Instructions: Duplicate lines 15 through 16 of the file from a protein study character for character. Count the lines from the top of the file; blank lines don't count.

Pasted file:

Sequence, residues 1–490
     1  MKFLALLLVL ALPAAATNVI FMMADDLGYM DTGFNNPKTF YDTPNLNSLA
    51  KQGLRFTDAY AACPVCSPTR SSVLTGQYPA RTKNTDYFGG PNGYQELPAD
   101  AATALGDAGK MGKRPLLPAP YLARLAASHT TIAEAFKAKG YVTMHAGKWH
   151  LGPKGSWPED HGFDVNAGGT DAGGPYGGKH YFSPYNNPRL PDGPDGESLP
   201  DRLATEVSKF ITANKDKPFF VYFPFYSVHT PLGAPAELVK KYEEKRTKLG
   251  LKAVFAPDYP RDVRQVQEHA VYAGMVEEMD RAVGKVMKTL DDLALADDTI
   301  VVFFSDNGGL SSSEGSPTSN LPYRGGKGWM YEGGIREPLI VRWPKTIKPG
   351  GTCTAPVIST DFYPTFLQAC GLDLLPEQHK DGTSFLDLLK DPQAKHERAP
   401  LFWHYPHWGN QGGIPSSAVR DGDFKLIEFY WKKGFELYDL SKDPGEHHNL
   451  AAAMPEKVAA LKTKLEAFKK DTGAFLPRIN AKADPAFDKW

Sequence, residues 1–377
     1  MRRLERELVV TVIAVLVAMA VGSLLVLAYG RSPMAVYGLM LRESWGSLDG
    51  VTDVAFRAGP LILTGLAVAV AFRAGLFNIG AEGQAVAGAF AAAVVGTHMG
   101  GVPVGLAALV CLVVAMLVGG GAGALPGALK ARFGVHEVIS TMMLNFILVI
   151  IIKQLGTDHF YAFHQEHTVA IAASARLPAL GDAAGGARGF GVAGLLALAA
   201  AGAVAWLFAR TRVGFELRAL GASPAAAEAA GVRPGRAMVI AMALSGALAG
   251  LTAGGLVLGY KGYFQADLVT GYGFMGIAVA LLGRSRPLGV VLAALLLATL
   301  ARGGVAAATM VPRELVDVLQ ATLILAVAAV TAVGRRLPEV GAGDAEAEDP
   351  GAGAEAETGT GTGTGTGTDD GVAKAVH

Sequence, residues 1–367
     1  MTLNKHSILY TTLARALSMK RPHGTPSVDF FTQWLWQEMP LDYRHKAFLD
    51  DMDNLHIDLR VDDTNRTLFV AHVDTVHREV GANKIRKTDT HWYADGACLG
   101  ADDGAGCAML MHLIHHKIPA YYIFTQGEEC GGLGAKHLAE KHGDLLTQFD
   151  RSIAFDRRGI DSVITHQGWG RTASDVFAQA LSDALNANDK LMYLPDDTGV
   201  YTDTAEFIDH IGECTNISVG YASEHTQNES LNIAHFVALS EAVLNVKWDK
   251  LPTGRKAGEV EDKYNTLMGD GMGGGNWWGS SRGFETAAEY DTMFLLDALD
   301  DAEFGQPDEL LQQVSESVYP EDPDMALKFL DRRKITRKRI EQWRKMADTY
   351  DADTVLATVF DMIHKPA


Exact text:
   101  GVPVGLAALV CLVVAMLVGG GAGALPGALK ARFGVHEVIS TMMLNFILVI
   151  IIKQLGTDHF YAFHQEHTVA IAASARLPAL GDAAGGARGF GVAGLLALAA